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Meaning of “pay” - Learner’s Dictionary

pay

verb     /peɪ/ ( past tense and past participle paid)
BUY [I, T]
A1 to give money to someone because you are buying something from them, or because you owe them money: Helen paid for the tickets. Did you pay the telephone bill? You can pay by cash or credit card.Paying and spending moneyGiving, providing and supplying
WORK [I, T]
B1 to give someone money for the work that they do: She gets paid twice a month. People work for them because they pay well. [+ two objects] We paid them 1000 euros for the work. a paid jobPaying and spending moneyGiving, providing and supplying
ADVANTAGE [I]
to be a good thing to do because it gives you money or an advantage: Crime doesn't pay.Useful or advantageous
SUFFER [I, T]
to suffer because of something bad you have done: He's certainly paying for his mistakes.Experiencing and suffering
pay attention
B1 to look at or listen to someone or something carefully: I missed what she was saying because I wasn't paying attention.Paying attention and being carefulCautious and vigilant
pay sb a compliment
to tell someone that you admire something about themPraising and applaudingExaggerating and playing down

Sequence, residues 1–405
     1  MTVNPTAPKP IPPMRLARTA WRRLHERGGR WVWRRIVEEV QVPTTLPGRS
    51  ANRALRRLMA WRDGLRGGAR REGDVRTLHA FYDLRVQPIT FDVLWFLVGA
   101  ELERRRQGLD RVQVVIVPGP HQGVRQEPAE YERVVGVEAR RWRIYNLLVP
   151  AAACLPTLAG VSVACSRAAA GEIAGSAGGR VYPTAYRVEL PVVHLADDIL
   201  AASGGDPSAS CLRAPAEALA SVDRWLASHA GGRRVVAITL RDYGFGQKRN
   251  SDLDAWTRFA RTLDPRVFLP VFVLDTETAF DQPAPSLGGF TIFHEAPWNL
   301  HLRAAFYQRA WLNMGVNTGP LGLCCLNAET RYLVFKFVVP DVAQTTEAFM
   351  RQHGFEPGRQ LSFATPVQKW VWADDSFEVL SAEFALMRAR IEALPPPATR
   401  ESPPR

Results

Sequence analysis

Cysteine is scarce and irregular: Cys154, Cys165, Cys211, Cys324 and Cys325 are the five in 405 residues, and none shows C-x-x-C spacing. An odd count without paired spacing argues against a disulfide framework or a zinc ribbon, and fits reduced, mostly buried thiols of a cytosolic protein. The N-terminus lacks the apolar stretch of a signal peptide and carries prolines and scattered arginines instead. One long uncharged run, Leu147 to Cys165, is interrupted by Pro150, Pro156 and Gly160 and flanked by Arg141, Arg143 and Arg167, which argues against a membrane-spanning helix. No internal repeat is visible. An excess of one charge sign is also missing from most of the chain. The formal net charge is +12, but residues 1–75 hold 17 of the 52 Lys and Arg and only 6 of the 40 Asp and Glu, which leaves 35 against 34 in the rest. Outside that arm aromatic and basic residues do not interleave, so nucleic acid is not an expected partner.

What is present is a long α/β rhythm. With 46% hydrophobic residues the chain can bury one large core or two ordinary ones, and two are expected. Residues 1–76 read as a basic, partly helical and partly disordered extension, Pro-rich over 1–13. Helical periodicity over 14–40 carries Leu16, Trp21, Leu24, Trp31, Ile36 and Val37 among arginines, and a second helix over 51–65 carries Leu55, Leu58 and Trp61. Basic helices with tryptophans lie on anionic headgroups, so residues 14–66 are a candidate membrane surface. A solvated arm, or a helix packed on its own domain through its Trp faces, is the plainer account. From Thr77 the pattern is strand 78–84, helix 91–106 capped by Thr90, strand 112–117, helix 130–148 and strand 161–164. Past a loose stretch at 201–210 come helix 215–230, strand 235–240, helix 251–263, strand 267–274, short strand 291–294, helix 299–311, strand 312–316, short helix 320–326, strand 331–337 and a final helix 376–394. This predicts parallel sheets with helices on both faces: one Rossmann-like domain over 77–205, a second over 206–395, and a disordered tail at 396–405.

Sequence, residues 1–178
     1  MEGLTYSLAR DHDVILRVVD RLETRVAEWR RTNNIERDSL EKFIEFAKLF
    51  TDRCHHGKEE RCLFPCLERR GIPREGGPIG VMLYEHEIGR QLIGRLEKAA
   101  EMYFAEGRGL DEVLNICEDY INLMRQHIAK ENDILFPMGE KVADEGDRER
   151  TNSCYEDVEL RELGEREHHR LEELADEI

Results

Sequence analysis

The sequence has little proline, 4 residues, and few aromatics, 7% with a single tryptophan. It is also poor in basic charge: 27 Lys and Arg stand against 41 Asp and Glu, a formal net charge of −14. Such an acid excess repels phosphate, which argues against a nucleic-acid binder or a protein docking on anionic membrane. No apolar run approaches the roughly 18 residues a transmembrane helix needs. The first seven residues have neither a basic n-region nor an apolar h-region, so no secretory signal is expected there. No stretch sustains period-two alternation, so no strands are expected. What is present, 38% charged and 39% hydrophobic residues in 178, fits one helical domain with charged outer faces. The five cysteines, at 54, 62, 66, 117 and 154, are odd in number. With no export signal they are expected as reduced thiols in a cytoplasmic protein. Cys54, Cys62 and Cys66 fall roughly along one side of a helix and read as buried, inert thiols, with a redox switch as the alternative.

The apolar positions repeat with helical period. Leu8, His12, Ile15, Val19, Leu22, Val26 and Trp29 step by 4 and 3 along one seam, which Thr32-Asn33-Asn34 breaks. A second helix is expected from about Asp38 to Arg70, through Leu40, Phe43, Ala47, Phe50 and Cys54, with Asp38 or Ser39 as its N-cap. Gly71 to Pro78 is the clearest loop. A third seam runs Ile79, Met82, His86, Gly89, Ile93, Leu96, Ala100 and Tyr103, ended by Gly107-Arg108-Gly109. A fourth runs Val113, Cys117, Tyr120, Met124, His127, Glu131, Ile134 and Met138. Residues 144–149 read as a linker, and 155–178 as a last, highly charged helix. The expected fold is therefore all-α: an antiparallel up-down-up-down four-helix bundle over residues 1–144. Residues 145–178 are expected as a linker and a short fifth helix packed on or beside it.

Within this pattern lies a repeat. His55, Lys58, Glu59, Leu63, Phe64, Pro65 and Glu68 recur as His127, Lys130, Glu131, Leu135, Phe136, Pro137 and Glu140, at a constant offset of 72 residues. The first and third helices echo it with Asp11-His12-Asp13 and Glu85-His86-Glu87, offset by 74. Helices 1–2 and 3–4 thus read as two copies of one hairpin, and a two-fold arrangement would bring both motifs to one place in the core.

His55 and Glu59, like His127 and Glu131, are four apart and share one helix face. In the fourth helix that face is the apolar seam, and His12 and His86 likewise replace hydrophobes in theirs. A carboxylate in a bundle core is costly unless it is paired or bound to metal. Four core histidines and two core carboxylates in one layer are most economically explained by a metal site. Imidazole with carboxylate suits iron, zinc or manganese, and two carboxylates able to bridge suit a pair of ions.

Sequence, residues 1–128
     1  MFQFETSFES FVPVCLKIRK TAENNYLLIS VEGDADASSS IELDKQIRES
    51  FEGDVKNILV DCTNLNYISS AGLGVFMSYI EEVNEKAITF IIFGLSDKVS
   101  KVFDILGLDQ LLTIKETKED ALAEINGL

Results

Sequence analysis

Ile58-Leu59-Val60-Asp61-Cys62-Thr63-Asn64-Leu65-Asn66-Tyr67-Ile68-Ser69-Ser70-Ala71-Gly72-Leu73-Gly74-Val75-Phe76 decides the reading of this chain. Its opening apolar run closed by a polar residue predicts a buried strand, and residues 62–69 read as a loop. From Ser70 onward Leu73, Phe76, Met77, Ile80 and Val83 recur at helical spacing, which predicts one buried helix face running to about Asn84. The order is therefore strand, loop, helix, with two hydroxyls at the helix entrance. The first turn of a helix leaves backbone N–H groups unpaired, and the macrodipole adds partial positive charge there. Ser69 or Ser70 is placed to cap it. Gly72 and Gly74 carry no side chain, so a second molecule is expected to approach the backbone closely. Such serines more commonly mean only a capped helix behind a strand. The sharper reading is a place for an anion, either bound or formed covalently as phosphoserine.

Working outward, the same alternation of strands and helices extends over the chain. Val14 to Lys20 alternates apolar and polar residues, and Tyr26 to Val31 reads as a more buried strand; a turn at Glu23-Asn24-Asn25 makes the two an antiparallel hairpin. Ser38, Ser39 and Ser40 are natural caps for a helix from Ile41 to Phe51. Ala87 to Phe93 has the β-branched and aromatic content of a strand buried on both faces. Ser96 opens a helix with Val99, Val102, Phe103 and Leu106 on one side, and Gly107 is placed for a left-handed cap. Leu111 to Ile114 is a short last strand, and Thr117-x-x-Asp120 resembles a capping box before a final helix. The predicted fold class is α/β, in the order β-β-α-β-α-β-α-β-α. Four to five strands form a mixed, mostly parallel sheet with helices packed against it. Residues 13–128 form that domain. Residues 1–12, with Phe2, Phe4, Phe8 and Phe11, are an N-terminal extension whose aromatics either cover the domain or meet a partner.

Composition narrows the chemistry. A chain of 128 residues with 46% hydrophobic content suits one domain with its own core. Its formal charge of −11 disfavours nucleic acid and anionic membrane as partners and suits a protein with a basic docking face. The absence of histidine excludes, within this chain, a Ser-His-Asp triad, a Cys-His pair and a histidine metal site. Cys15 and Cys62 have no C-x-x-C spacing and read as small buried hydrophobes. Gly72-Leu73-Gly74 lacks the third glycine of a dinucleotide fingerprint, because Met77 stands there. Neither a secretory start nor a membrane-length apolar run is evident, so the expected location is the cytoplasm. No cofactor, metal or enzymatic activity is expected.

pay tribute to sb/sth
to thank someone or say that you admire someone or something, especially in public: He paid tribute to his former teacher.Relieved and thankful
pay sb/sth a visit; pay a visit to sb/sth
B2 to visit a place or a person, usually for a short timeVisiting
(Definition of pay verb from the Cambridge Learner’s Dictionary © Cambridge University Press)
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Avoiding common errors with the word enough.
Avoiding common errors with the word enough.
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by Liz Walter Enough is a very common word, but it is easy to make mistakes with it. You need to be careful about its position in a sentence, and the prepositions or verb patterns that come after it. I’ll start with the position of enough in the sentence. When we use it with a noun,

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